Observational data from a subgroup of patients with COVID-19 suggest the development of features consistent with CSS triggered by SARS-CoV-2 virus characterised by high serum ferritin, D-dimer, lactate dehydrogenase, cytopenia, ARDS, acute cardiac injury, abnormal liver function test, raised IL-6 and coagulation abnormalities[72-75]. Viral infections have been reported as one of the most common triggers for cytokine storms. One study demonstrated similar or lower levels of cytokines in COVID-19 pneumonia when compared to other critically ill patients, questioning the hypothesis of CSS. However, the use of dexamethasone, a potent anti-inflammatory steroid, has demonstrated a significant reduction in mortality amongst critically ill COVID-19 patients, highlighting the major role of hyperinflammation.
Can this hyperinflammatory state cause AKI? Various case series have indicated significant renal involvement, particularly in CSS associated with secondary haemophagocytic lymphohistiocytosis (sHLH)[22,79-82]. The majority present with AKI with or without nephrotic range proteinuria. Histological and observational findings indicate polymorphic renal lesions with acute tubular necrosis (ATN) being the most common, followed by tubulointerstitial nephritis (TIN), collapsing glomerulopathy (with podocytopathies) and thrombotic microangiopathy (TMA)[22,79,82]. ATN and TIN are most likely due to sepsis-related haemodynamic changes, coagulopathy (disseminated intravascular coagulopathy) and perhaps the direct toxic effect of raised cytokines (IL-6 and TNF) on renal epithelial cells. Nephrotic syndrome with collapsing glomerulopathy and podocytopathies are generally seen in severe cases of sHLH with African ethnic predisposition. It is hypothesised a circulating cytokine during CSS phase of sHLH may cause podocytopathy. Hyperinflammation, as seen in COVID-19, also leads to a hypercoagulable state that can cause fibrin thrombi occlusions in renal capillaries (TMA pattern of renal injury)[84-86].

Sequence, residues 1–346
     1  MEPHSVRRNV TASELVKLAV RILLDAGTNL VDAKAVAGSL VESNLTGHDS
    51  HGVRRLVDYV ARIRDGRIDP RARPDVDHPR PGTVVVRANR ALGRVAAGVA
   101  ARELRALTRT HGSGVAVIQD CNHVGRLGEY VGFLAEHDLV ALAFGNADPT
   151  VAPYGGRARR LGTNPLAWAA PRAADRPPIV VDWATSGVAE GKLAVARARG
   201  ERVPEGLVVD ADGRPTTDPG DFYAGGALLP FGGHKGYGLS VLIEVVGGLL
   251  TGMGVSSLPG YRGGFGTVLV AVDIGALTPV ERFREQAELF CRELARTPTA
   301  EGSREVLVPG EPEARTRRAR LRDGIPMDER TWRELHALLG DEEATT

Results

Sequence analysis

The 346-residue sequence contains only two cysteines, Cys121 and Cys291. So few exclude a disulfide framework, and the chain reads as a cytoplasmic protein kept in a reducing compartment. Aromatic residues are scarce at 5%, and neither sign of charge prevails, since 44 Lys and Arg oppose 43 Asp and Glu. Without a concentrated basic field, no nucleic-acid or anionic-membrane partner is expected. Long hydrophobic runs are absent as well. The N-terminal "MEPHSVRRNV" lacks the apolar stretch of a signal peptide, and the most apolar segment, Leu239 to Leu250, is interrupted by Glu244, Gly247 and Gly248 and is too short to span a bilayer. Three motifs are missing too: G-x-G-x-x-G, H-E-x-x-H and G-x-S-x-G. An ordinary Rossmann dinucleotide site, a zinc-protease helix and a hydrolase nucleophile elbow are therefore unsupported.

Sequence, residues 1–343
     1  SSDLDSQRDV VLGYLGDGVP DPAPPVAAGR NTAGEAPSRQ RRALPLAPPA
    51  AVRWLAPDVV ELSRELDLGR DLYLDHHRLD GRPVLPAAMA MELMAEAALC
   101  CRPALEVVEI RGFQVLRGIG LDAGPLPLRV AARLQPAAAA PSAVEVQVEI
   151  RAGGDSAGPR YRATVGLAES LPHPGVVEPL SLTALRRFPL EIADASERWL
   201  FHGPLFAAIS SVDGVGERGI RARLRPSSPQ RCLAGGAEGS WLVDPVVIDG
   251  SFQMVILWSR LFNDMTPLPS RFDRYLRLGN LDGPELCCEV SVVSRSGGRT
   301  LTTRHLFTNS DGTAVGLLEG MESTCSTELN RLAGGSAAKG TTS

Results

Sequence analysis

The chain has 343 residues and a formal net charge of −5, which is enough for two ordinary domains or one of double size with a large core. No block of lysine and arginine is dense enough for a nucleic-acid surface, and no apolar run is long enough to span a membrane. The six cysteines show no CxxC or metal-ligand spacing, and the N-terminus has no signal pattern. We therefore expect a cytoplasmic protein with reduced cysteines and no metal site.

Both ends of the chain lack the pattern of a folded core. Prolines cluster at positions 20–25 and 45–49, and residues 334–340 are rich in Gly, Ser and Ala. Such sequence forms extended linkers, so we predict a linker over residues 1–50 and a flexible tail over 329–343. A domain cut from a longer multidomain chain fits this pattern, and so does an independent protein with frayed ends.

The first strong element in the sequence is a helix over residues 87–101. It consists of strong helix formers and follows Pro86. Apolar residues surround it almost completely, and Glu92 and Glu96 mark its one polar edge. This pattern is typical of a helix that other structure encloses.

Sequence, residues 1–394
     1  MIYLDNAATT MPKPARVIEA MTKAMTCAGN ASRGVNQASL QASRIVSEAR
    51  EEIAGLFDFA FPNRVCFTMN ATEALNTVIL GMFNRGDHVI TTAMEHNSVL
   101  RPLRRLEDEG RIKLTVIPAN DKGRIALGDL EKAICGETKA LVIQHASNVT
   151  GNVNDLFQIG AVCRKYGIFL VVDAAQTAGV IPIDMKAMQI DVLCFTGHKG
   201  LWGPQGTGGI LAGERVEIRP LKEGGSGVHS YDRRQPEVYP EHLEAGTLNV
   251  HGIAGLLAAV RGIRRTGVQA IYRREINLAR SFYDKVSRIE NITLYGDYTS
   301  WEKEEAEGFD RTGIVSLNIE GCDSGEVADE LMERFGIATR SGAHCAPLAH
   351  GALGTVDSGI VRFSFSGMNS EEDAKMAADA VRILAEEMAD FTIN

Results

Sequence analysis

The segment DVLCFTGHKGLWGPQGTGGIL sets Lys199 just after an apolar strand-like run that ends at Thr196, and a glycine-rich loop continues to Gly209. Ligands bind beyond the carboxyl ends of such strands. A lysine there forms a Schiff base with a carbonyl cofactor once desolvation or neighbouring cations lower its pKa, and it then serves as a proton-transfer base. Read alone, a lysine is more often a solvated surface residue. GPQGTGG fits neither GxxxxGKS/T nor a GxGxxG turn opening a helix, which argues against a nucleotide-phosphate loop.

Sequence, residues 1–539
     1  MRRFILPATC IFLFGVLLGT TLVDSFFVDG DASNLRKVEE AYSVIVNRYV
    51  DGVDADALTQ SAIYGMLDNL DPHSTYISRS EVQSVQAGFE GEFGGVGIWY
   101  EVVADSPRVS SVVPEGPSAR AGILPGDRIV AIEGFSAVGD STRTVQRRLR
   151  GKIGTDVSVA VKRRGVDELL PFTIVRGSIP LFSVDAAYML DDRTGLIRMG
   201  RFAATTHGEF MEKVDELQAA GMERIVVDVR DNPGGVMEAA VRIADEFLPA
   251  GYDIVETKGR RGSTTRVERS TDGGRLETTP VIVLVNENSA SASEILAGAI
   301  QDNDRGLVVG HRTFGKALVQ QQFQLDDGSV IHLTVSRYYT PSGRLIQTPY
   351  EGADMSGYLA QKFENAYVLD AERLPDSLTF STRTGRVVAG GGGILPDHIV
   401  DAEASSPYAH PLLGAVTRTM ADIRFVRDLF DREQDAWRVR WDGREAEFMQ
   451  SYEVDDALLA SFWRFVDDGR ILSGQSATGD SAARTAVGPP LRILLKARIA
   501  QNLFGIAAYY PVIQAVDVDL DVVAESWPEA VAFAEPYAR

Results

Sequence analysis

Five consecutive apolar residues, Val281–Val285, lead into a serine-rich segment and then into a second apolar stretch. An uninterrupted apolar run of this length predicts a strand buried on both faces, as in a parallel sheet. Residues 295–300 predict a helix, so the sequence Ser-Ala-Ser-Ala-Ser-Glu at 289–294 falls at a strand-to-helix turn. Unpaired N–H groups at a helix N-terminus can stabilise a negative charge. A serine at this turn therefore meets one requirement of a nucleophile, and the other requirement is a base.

Renal biopsy histology of patients of black ethnicity who had AKI and were subsequently SARS-CoV-2 positive showed collapsing glomerulopathy, severe podocyte effacement with acute tubular injury (ATI)[87,88]. The APOL1 genotyping on the biopsy material was performed, and the patients were found to be homozygous for the G1 risk allele. Genetic predisposition with CSS may lead to collapsing glomerulopathy in COVID-19.
The hyperinflammatory state can cause renal injury via multiple mechanisms as highlighted, however, the discussion is incomplete without further assessing the role of direct viral tropism for renal parenchyma and renal autopsy findings.
Direct viral invasion
Viruses must gain entry into a cell and use the host cell machinery to replicate. The ACE2 is the coreceptor used by SARS-CoV-2 to gain entry to the cells. ACE2 forms part of the renin-angiotensin-aldosterone system, a cascading peptide-pathway that regulates vascular tone and salt and water balance. The ACE2 degrades angiotensin II to angiotensin, resulting in vasodilation and countering the effects of ACE[91-94].